An earnest gay reader1 wonders how to comport himself at the gym:
My first instinct is to say, “Okay, simple. It’s an occasion of sin for you, so even if you’re okay in the locker room, forget the shower or sauna, or even the pool sometimes. Even if that means you have to drive home all sweaty and stink up your car.”
But then — motivated probably by equal parts pragmatism and desire to feel like I fit in as one of the normal men rather than a leper, even if it’s only in my own mind…all of this bouncing around in my head and pounding heart and hormones…I get sick of running through that script while a straight…guy just skips that whole drama and uses the facilities for their intended use without stressing out.
It’s a big deal. It reminds me of one of the differences in experience between gay guys and straight guys that Brent Bailey points to: how
those gender-specific environments that provide a relaxing, head-clearing respite from sexual temptation for straight people (like locker rooms or all-male Bible studies) are sometimes the most confusing and charged environments for me.
Yeah, me too! This is one of those things that make homosexuality a heavier cross than it would be if it were just about not-having-sex-with-men.
At the same time, though, let’s not imagine we’re weirder than we are. It’s true that straight guys don’t have to worry about arousal in all-male settings, but that doesn’t mean these settings are totally easy for them, either. A few examples:
- I’ve seen straight guys put on an extra layer of machismo at a poker game just so as to appear dudely enough for the other dudes, until eventually you’ve got masks interacting with masks instead of people talking to people.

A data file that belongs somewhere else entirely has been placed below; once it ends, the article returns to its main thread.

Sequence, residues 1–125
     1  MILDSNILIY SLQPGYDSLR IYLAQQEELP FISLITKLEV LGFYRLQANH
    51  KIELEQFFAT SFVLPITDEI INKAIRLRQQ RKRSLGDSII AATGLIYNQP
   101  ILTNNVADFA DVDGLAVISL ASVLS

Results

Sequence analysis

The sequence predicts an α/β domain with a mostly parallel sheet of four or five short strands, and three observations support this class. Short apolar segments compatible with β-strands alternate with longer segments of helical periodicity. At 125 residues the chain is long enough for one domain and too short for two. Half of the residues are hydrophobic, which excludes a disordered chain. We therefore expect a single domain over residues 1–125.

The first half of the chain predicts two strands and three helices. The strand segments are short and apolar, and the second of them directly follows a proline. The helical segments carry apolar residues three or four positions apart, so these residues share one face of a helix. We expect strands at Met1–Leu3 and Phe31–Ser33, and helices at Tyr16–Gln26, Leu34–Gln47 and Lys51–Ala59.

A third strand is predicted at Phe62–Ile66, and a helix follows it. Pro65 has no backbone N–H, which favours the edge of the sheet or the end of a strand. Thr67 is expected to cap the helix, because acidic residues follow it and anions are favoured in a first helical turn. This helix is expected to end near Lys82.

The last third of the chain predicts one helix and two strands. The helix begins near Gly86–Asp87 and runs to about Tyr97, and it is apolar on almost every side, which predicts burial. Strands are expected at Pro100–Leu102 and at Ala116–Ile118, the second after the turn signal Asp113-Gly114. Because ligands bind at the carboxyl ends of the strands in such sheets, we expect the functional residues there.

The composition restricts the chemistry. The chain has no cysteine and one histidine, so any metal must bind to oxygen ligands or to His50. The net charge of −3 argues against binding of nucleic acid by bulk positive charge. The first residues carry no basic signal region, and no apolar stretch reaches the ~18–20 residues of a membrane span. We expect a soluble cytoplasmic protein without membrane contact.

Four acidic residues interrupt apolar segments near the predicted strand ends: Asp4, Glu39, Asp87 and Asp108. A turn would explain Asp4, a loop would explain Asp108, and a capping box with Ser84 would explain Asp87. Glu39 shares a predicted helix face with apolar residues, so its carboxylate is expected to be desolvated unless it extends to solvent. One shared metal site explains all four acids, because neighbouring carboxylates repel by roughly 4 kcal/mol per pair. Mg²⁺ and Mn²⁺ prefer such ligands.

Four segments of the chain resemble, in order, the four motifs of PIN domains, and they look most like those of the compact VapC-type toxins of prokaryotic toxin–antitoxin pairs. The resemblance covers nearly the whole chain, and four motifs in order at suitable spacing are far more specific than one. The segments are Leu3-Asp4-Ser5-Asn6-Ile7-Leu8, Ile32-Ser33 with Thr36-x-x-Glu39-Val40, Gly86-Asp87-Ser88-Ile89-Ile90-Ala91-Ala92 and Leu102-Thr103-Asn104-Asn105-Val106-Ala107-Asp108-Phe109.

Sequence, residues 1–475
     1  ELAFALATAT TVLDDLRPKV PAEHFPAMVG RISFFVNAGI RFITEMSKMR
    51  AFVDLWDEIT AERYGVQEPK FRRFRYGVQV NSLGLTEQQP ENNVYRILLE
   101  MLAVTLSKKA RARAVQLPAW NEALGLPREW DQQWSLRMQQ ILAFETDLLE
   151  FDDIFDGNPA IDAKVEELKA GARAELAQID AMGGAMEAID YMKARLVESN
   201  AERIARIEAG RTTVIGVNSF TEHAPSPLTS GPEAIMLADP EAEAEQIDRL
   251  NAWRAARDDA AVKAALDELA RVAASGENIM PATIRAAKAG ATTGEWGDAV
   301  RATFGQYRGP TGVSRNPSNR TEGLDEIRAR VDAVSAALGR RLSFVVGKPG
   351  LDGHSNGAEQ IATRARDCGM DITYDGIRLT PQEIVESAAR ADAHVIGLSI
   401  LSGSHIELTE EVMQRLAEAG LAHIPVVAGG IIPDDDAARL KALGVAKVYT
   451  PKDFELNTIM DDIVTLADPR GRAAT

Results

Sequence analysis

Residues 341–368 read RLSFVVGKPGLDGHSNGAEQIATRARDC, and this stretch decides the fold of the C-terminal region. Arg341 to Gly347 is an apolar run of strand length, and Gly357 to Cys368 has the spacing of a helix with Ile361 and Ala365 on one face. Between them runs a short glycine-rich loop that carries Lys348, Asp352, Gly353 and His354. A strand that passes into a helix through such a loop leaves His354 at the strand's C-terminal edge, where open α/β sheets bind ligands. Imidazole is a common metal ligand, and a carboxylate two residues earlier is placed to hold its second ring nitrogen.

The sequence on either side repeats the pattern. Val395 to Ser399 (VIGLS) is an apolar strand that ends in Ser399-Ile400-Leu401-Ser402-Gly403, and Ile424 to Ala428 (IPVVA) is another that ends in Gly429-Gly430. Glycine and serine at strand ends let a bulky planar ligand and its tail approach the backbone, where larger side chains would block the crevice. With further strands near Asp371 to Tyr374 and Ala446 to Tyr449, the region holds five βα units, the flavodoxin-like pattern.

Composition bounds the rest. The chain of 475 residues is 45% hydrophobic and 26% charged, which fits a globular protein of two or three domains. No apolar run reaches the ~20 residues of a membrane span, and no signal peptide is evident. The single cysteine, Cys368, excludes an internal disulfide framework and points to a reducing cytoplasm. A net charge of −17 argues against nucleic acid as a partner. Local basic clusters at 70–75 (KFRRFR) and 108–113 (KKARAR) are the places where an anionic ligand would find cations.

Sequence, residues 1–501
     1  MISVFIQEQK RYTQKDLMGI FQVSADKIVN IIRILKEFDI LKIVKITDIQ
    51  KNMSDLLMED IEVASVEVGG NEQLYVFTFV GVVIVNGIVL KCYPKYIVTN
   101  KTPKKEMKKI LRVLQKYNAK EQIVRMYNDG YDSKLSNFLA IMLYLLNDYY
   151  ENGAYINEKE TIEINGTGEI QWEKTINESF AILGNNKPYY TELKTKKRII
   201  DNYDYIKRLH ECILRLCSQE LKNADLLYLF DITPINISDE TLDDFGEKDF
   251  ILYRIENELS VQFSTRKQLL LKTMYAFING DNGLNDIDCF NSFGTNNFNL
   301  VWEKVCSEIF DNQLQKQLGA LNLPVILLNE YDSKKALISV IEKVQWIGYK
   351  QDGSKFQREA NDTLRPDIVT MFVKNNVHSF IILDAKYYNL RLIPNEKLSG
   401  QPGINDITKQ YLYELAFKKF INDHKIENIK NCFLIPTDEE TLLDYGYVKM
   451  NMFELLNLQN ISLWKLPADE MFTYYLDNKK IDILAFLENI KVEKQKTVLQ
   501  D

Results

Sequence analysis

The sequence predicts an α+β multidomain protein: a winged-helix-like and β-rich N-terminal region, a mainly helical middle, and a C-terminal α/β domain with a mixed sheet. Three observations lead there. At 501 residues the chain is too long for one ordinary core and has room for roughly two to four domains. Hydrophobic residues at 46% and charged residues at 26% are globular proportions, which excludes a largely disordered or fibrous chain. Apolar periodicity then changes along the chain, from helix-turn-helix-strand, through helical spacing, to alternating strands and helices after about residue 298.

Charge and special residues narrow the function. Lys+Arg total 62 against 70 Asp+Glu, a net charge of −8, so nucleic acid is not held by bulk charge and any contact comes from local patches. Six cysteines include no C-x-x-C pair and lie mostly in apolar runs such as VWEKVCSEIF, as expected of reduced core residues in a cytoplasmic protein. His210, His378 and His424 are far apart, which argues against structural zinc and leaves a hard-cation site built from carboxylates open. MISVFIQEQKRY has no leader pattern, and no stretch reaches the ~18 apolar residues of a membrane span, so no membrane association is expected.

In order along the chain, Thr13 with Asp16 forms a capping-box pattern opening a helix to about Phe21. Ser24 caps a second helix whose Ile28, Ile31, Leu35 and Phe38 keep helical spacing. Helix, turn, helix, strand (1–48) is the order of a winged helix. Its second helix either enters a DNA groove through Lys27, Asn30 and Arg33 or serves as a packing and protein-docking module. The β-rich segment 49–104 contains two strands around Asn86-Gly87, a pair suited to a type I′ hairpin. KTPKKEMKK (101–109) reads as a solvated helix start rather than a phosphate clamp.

- I’ve also seen guys panic briefly in the locker room because they accidentally had their head turned in my direction and they think that I might think that they were looking at me and MAYBE I WILL THINK THEY ARE GAY.2
- And guys everywhere, gay or straight, are subject to body envy. I think it’s at least as spiritually and emotionally unhealthy to envy another man’s body, as Men’s Health and their ilk constantly encourage us to do, as it is to lust after another man’s body.
All this is a subset of a larger truth. Time after time, intimate conversation with my straight friends has confirmed that they and I want, fear, love, and worry about the same things as I do. Sometimes the only difference is my residual fear that the things I feel are somehow icky because they’re somehow gay; when it usually turns out they’re not gay so much as male, and not male so much as human.
So, you might feel unsettled when you’re in the locker room, but at least you don’t have to feel unsettled about feeling unsettled. It’s not just you. Peace of heart in all situations is something to shoot for, but most of us aren’t there yet.